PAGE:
Jesus condemned greedy exploitation, particularly by the powerful against the weak. He goes so far as to say in Luke 16 that those in positions of power who did not use that power to lift others up were in danger of hellfire, regardless of the fervency of their religion. And, in the parable of the good Samaritan, he said that Christians were responsible to address injustices, even if they had no part in them.

Yet in Luke 12, instead of giving a specific—you might say, political— answer to this question, Jesus withholds his opinion. He says, rather starkly, “Man, who made me a judge or arbitrator over you?” (Luke 12:14) Instead, he warns both brothers (and everyone else listening) about the idolatry of money that threatened to condemn them. Jesus showed restraint in adjudicating the particulars of this case so he could preach the radical, confrontational, life-giving gospel to both of them.

Following him, the institutional church should show restraint in adjudicating the particulars of which policies or candidates get the job done—not because we don’t care about the particulars, but because of our commission to preach the radical, confrontational, life-giving gospel to all.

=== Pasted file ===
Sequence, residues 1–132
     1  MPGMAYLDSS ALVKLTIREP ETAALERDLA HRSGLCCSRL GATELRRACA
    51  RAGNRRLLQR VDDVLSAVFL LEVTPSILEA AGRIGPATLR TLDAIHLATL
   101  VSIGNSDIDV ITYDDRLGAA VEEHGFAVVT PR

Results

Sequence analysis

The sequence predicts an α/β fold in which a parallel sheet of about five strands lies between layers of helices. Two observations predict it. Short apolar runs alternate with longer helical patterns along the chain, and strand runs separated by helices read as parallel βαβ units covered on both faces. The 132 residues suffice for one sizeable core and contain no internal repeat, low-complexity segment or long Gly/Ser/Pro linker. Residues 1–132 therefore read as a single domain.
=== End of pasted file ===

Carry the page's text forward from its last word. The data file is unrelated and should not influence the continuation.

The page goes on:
Thus, as an organization, we preach righteousness, justice and compassion. As members, we seek to apply that in government, education, business, etc. The roles are complementary, but nearly always, they are distinct.

There can be exceptions, of course. But they really should be the exceptions. If people begin to think of the church as a political bloc, we’ve failed in our charge to be salt and light to our community.

Christians must care about poverty relief. We must care about healing the sick. We must care about education. We must care about justice. And about a hundred other important societal issues. But the church should not tie its message to the specific ways in which these goals are pursued.

As Christians united in one body, then, we must have patience with those who see things differently than we do. We must differentiate between what is clear in God’s Word (where we all agree) and what we consider practical applications of that Word (where we often disagree).

What unites us is not our politics but our identity in Christ. Our commission to preach the gospel is of first importance and above all. So whether we choose to vote Republican or Democrat or something else entirely, we as Christians should choose to fly highest the gospel flag as we pledge our allegiance to Jehovah Nissi.

Our hope does not come riding in on the wings of Air Force One or sit behind the Resolute desk. Our hope was born into a manger 2,000 years ago, and he reigns from the right hand of God.

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This article originally appeared on and is reposted here by permission.

J.D. Greear
J.D. Greear

J.D. Greear is the pastor of The Summit Church in Raleigh-Durham, North Carolina, and is currently serving as the 62nd president of the Southern Baptist Convention. He is the author of several books, including most recently Essential Christianity: The Heart of the Gospel in Ten Words (The Good Book Company).